Saturday, May 10, 2008

McCain Previews Attacks on Obama's Foreign Policy Weakness


As Barack Obama continues to have missteps in foreign policy (recall Friday's firing of an Obama adisor who had direct talks with Hamas), John McCain has initiated a new campaign approach taking down the likely Democratic nominee for his foreign policy inexperience.

The New York Times has the details:

In the clearest indication yet of how he intends to confront Senator Barack Obama on foreign policy issues in the general election, Senator John McCain on Friday again portrayed the Democratic contender as being the favorite of Hamas, the militant Palestinian group, and implied that he would also be friendly with Iran, a Hamas ally.

Speaking at a news conference in New Jersey, Mr. McCain said he believed that comments made by a Hamas leader approving Mr. Obama’s candidacy were “a legitimate point of discussion,” and he went on to accuse Mr. Obama of agreeing to negotiate with the president of Iran, who on Wednesday referred to Israel as “a stinking corpse facing annihilation.” He described that as “a distinct difference between myself and Senator Obama.”

Mr. Obama has not let attacks go unanswered. On Thursday, he replied by saying that Mr. McCain, the presumptive Republican nominee, was “losing his bearings” and engaging in “smear” tactics. “My policy toward Hamas has been no different than his,” Mr. Obama said in an interview on CNN.

Mr. McCain’s attacks are part of a broader effort by his campaign to depict Mr. Obama, the leader in the delegate count in the Democratic race for president, as inexperienced and na├»ve on foreign policy in general and soft on terrorism and its sponsors specifically. Throughout the campaign, Mr. Obama has also had to fight a related perception, one encouraged by his Democratic rivals, that his support for Israel is also weak.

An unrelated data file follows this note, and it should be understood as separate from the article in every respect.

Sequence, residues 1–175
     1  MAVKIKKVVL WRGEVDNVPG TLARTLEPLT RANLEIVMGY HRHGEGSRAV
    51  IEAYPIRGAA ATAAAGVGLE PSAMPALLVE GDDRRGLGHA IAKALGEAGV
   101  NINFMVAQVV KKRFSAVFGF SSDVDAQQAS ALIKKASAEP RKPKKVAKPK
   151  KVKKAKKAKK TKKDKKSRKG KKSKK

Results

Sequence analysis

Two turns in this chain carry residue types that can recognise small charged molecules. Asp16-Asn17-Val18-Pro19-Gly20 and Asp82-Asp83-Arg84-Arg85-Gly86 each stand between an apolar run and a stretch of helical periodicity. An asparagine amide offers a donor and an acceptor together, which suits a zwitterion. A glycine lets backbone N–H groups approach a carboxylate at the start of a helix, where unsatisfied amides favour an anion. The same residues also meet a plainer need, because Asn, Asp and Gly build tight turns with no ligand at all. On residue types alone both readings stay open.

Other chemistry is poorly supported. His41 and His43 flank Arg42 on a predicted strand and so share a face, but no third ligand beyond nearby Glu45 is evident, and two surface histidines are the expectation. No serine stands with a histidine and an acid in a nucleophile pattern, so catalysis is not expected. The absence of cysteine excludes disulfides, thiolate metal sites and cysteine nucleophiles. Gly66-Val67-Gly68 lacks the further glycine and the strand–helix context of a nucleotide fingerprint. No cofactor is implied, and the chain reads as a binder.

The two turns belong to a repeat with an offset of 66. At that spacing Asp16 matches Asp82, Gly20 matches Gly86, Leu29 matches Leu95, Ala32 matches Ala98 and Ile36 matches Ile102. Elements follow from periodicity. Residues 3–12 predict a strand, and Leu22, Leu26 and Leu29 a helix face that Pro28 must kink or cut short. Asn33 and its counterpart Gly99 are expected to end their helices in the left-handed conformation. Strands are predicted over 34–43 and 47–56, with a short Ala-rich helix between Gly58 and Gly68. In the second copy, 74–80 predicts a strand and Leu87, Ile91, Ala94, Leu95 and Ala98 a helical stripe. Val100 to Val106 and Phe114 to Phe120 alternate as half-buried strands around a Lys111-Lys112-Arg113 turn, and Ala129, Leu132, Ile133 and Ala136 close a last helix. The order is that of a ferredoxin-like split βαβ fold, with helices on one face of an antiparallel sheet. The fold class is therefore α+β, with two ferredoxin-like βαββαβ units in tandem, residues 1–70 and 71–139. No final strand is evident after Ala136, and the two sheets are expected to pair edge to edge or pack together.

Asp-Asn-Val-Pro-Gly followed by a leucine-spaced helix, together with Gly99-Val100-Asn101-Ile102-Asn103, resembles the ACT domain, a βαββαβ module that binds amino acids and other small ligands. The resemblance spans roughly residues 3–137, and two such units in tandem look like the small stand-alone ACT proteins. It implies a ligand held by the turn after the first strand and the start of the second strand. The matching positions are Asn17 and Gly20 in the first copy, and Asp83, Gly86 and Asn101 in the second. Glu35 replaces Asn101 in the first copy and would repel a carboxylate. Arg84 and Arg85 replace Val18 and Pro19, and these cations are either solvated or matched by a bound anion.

But important nuances appear to have been lost in the partisan salvos, particularly on Mr. McCain’s side. An examination of Mr. Obama’s numerous public statements on the subjects indicates that he has consistently condemned Hamas as a “terrorist organization,” has not sought the group’s support and does not advocate immediate, direct or unconditional negotiations with Mahmoud Ahmadinejad, the Iranian president.

The McCain-Obama dispute about Hamas began last month, after Ahmed Yousef, a political adviser to the group’s leadership in Gaza, made complimentary remarks about Mr. Obama in an interview with WABC radio in New York. After initially complaining that “everybody tries to sound like he is a friend of Israel” when out on the campaign trail, including Mr. Obama, Mr. Yousef shifted tone.

“We like Mr. Obama,” Mr. Yousef said, “and we hope that he will win the election.”

“I do believe that Mr. Obama is like John Kennedy, a great man with great principles,” he continued. “He has a vision to change America, to make it in a position to lead the world community, but not with domination and arrogance.”

Though Hamas describes itself as both a political party and a movement with an armed wing, the State Department, as well as Israel and several other countries, classifies it as a terrorist organization. The group has sponsored suicide bombings against Israeli military and civilian targets, and its charter calls for the elimination of Israel and its replacement by an Islamic Palestinian state.

The United States has pursued a policy of isolating Hamas while trying to strengthen moderate Palestinian leaders.

For his part, Mr. McCain has taken pride in the enmity with which he regards Hamas. “I think that the people should understand that I will be Hamas’s worst nightmare,” he said late last month in a conference call with conservative bloggers.
McCain's generally expected to toughen the U.S. stance toward the new "Axis of Evil" of Mahmoud Ahmadinejad, Bashar Assad. and Kim Jong Il.

In the meanwhile, the Obama campaign is said to be "flattered" by the fawing attention it's getting from Hamas.

Photo Credit: New York Times